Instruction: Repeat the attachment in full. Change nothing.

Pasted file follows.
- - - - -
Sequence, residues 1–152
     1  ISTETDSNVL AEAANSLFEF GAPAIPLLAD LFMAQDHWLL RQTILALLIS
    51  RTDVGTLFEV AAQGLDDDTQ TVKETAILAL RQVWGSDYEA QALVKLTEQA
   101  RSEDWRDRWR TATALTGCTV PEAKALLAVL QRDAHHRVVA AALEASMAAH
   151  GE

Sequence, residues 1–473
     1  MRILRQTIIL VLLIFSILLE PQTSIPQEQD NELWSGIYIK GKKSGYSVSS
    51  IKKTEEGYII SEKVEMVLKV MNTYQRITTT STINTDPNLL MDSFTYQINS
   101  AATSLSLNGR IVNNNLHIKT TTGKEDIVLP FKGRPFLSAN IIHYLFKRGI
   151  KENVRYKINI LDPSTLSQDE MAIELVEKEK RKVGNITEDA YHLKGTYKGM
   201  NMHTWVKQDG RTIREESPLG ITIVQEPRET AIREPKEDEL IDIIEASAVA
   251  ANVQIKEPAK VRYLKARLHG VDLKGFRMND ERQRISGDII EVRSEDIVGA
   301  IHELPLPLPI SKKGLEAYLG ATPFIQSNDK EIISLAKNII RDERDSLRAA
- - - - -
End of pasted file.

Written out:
Sequence, residues 1–152
     1  ISTETDSNVL AEAANSLFEF GAPAIPLLAD LFMAQDHWLL RQTILALLIS
    51  RTDVGTLFEV AAQGLDDDTQ TVKETAILAL RQVWGSDYEA QALVKLTEQA
   101  RSEDWRDRWR TATALTGCTV PEAKALLAVL QRDAHHRVVA AALEASMAAH
   151  GE

Sequence, residues 1–473
     1  MRILRQTIIL VLLIFSILLE PQTSIPQEQD NELWSGIYIK GKKSGYSVSS
    51  IKKTEEGYII SEKVEMVLKV MNTYQRITTT STINTDPNLL MDSFTYQINS
   101  AATSLSLNGR IVNNNLHIKT TTGKEDIVLP FKGRPFLSAN IIHYLFKRGI
   151  KENVRYKINI LDPSTLSQDE MAIELVEKEK RKVGNITEDA YHLKGTYKGM
   201  NMHTWVKQDG RTIREESPLG ITIVQEPRET AIREPKEDEL IDIIEASAVA
   251  ANVQIKEPAK VRYLKARLHG VDLKGFRMND ERQRISGDII EVRSEDIVGA
   301  IHELPLPLPI SKKGLEAYLG ATPFIQSNDK EIISLAKNII RDERDSLRAA